Think about everything you want to accomplish during your gap year and put a monetary estimate on it. Consider things like transportation costs, housing, and various living expenses that you’ll have to afford throughout your 12 months. There are simple ways you can save money, like cutting back on your subscriptions, or you can make a plan to put a certain amount aside every paycheck that you’ll use for your gap year. 

Do Your Research  

While traveling abroad can offer you a lot of spontaneous experiences, planning your gap year should not. Before heading off on your adventure, research things like the cost of living and transportation. Countries in Southeast Asia are more affordable for someone traveling on a budget versus European countries. You’ll also want to understand the exchange rate in the countries you’ll be visiting to make sure you’re making the most of your dollar. 

Make Sacrifices 

While it’s not something that most 20-somethings want to do, in order to save money you may have to make some sacrifices. Social expenses like bar tabs, movie tickets, and eating out at restaurants can add up quickly and take away from your gap year budget. Cut back on these activities will be beneficial for your wallet and your health! 

Work As Much As Possible 

The purpose of a gap year is to take a break from our regular day-to-day tasks and responsibilities, but you will have to work hard beforehand. If your job allows, take on extra hours or shifts to earn more money. You may also want to consider a part-time job or side hustle to help you save additional funds.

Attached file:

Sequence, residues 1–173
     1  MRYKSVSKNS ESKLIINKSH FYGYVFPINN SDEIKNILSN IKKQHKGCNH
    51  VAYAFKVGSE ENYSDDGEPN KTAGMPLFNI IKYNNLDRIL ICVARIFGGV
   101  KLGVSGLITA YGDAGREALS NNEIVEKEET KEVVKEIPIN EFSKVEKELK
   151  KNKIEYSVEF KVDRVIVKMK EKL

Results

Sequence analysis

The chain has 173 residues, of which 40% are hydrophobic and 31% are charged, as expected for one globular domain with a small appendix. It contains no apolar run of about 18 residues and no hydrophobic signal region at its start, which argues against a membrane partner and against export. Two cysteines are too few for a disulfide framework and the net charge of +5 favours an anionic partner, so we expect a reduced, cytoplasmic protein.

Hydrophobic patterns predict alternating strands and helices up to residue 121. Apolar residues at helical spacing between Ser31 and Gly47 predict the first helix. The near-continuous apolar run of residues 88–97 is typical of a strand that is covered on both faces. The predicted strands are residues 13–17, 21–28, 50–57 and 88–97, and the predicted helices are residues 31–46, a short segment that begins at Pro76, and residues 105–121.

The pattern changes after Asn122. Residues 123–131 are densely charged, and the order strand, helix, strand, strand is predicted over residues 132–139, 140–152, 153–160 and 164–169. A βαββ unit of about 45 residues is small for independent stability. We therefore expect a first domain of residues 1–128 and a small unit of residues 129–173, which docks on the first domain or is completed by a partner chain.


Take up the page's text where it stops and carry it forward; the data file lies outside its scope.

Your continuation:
Plan and Book Ahead

Once you’ve started saving additional money for your gap year, consider spending some of that extra cash on accommodations or travel. Booking these things at the last minute can end up costing you more, which may prevent you from doing everything you wanted during your gap year. Use platforms like Google Flights or Kayak to set up price tracking so you can be sure you’re getting the best possible deal.  

Money-Saving Tips During Your Gap Year

You’ve saved the money, made the plans, and on your way to somewhere new to begin your gap year. But once you arrive, it may be tempting to splurge and blow your budget. These tips will help you stick to your budgeting plan and ensure you come home with money to spare. 

Don’t Exchange Money at the Airport

While it’s super convenient to exchange money at the airport, it also comes with a high commission fee. If you know what regions you plan to visit, exchange cash at your bank before leaving for your trip. You can also wait until you get to the main part of the city you’re visiting to exchange, where you’ll likely find better rates. 

Carry a Prepaid Card 

If you choose to go to your bank and exchange money before leaving, also consider picking up a preloaded currency card as well. This card will help you avoid ATM and overdraft fees, keep a better handle on your spending, and even lock in the exchange rate. If possible, wait until the rate is favorable to load your card — a prepaid currency card will protect you from any rate fluctuations. 

Use a Budgeting App